Wool Growers Miss Co-op Opportunity

In October 2010 PGG Wrightsons’ subsidiary Wool Partners International (WPI) issued a prospectus to form a Wool Partners Co-operative (WPC) taking half of the country’s strong wool clip....

In October 2010 PGG Wrightsons’ subsidiary Wool Partners International (WPI) issued a prospectus to form a Wool Partners Co-operative (WPC) taking half of the country’s strong wool clip. It would have been an exciting development in New Zealand’s Cooperative landscape.

But in February 2011, after multiple deadline extensions, WPI admitted defeat and the offer was withdrawn. WPI have indicated that another attempt is on the cards. What are their prospects?

WPI was formed in May 2008 to create a vertically integrated wool business with its own export sales and marketing function.

This involved deconsolidating PGG Wrightson’s former wool business, which had specialised in livestock auctions, wool processing and other wool related services, and selling it into Wool Partners International Ltd for a reported NZ$46million.

It also wrapped in Bloch & Behrens Wool (NZ), an international wool trading company, and Wools of New Zealand, a long-surviving industry good organisation whose responsibilities included international marketing.

WPI seemed to have all the right ingredients, yet it was not without challenges. Like many fully owned subsidiaries, WPI probably struggled for attention in the PPG Wrightson board room. It may also have found frustration with the many constraints and impositions that come with being part of a much larger corporate organisation.

This would be especially true of a subsidiary formed by the merger of even smaller, formerly independent parties. To cap this off, PPG Wrightson’s well-publicised financial difficulties undoubtedly crimped ambitions within the company.

Whatever the case, it was deemed sensible in 2010 to re-shape WPI as a farmer-owned cooperative.

The WPC prospectus ran into immediate criticism from the outside world, not least from the cooperative community. It seems to this author that two fundamental difficulties emerged. In the first instance, the level of disclosure in the prospectus was inadequate.

The most damaging issue was failing to explain reported losses of $5.8 million attributed to WPI in the 2009 and 2010 PGG Wrightson annual reports. This made it difficult for financial advisors to recommend the new co-operative.

The resulting delays probably stole momentum from the offer, and must eventually have been a contributing factor in its failure.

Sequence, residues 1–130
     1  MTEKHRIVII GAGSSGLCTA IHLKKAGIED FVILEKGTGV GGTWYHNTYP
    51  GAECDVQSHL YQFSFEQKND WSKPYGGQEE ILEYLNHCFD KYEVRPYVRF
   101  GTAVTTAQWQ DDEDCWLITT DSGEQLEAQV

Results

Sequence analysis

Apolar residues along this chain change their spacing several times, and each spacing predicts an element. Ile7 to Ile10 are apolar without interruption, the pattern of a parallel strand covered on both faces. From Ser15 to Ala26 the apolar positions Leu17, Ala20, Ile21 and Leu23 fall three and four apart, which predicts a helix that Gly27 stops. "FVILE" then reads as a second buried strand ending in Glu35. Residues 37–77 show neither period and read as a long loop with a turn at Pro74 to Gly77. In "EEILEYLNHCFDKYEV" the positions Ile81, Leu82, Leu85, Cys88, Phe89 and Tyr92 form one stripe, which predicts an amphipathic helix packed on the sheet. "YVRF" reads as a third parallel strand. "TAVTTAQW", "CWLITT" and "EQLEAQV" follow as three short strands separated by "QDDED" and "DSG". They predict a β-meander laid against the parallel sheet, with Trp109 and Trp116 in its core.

The second difficulty was with the wool producers themselves. The prospectus stipulated that shareholders were required to supply all of their Strong Wool to the Wool Partners Co-operative. “So what?” you may ask.

On the face of it this condition of membership isn’t unreasonable. If WPC performed financially then as a cooperative all the returns would flow back to the wool producers anyway. Even better, it would allow them to focus on the core business of farming.

The “so what” is that many sheep farmers think of themselves as traders. They invest energy in deciding when to take their stock to the sale yards, when to buy stock in, who is offering the best prices, what direction prices are taking, and so forth.

Many sheep farmers are members of more than one meat processing cooperative simply so they have this option. Unfortunately this behaviour does not breed a feeling of trust and mutuality between sheep farmers. Not surprisingly then, they feel the same way about their wool.

Ironically, it may turn out that wool producers would rather not “control their destiny beyond the farm gate” if it means sacrificing their right to choose whose truck drives through their farm gate.

WPI should come back with a new prospectus that addresses wool growers concerns. Certainly the first offer raised NZ$40 million even in these difficult times, and was hence only NZ$15 million short of the target.

A WPI restructure announced in March has also brought in new leadership, and new governors. The challenge before this new leadership is interesting. Convincing the 30% of wool growers who supported the first prospectus to come back to the table is probably the easy part.

The test for WPI will be convincing at least another 20% to give up their independent ways, and make an unequivocal commitment to standing together in a cooperative.

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